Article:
Gazprom hopes to start delivering at least 38 billion cubic meters (1.3 trillion cubic feet) of natural gas a year to CNPC from 2018.

The price has yet to be finalized, but the two countries’ leaders instructed their respective companies to intensify talks on the issue.

According to media reports, independent Russian energy providers might get a share in gas exports to China. Novatek, for example, could supply liquefied natural gas from its Yamal-SPG project.

For this to come true, however, Gazprom will first have to give up its monopoly on fuel exports. Another potential problem is that gas transportation along the existing routes is currently quite expensive. A project to ship gas along navigable rivers, if implemented, could cut these costs.

Other agreements signed in Moscow concerned the joint development of the Far East, cooperation in space exploration, high technologies, culture, health care and tourism.

“The economic outcome of the Putin-Xi meeting may be put at $20-25 billion,” says analyst Narek Avakyan of the Russian financial company AForex. “If more such meetings follow in the future, their combined worth might exceed $100 billion for either side”.

In other words, the two countries’ target of bringing annual bilateral trade up to $200-220 billion from the current $90 billion is shaping up to be fairly realistic.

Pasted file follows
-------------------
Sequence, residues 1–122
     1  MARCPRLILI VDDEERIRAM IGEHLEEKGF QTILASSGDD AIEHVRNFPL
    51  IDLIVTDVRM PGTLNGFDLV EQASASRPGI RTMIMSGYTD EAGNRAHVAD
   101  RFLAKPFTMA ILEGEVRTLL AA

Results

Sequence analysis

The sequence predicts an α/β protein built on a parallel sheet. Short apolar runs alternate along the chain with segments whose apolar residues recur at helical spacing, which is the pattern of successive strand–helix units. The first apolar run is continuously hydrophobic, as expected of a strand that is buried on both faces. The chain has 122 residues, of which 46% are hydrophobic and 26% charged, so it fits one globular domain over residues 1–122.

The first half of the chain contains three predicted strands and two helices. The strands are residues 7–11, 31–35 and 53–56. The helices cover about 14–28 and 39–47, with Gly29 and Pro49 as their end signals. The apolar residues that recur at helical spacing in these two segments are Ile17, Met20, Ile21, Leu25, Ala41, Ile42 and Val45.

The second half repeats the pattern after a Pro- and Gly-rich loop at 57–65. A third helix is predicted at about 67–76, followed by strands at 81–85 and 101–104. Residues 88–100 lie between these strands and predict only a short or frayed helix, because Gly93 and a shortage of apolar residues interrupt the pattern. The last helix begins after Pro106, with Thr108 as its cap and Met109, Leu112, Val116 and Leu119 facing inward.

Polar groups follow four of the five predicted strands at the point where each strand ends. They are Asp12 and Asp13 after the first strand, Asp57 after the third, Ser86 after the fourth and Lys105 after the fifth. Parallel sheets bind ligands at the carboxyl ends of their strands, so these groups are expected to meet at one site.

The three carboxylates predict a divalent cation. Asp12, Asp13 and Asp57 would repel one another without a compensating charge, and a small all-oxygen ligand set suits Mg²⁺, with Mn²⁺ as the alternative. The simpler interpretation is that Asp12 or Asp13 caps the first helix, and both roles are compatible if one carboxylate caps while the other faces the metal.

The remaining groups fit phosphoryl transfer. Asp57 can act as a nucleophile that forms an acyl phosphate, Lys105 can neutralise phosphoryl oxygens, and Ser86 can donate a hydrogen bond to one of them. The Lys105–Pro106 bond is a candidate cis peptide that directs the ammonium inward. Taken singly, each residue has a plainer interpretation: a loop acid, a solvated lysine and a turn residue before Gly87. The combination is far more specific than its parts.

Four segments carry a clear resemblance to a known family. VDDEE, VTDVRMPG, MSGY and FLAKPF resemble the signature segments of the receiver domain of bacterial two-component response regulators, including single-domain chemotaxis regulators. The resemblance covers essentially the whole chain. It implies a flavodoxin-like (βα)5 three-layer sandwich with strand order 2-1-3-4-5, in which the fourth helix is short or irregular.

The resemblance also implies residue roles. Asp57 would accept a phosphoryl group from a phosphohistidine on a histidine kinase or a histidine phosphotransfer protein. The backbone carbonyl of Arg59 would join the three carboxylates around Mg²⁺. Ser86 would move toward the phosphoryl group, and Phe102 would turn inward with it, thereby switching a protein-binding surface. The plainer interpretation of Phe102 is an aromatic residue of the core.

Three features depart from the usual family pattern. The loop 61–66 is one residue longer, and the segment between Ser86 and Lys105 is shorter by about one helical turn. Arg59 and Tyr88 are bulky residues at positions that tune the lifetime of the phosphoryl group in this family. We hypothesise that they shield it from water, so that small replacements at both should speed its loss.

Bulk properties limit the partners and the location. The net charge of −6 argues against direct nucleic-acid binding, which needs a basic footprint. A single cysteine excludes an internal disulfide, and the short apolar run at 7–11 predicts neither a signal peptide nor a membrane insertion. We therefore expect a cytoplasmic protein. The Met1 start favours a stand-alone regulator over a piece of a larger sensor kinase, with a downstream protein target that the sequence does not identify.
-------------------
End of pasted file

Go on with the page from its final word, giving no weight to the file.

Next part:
The fact that mutual trade is ramping up is evident from the heightened bilateral interest in transactions involving the two countries’ national currencies. In April 2013, the Moscow Interbank Currency Exchange (MICEX) expects to introduce tomorrow settlements and swaps for ruble-yuan trading.

The interest on transactions in yuans will be considerably reduced, Igor Marich, managing director of the MICEX money market business division, told RBTH. Also in April, MICEX will add the option of settling onshore accounts in yuans via the Bank of China in Shanghai; at present, all transactions are done in Moscow via local subsidiaries of Chinese banks.

Marich says the volume of trade in yuans at MICEX currently stands at several million dollars every day, which is still incomparable in size to the volume of trade in euros, let alone in dollars. However, the number of traders is growing steadily: more than 70 banks take part in yuan trading at present, including such major Chinese market makers as the Bank of China and the Industrial and Commercial Bank of China. Coincidentally, these are the two settlement banks for the MICEX yuan transactions.

“So far the trade in yuans has been more of a customer service; but we hope that, following liberalization of trade in yuans, this currency will turn into an instrument of financial transactions,” says Marich. He estimates that, in the medium term, the volume of yuan trade at MICEX will catch up with that of the euro. This is a very ambitious target, considering that the EU countries currently account for slightly less than 50 percent of Russia’s overall foreign trade.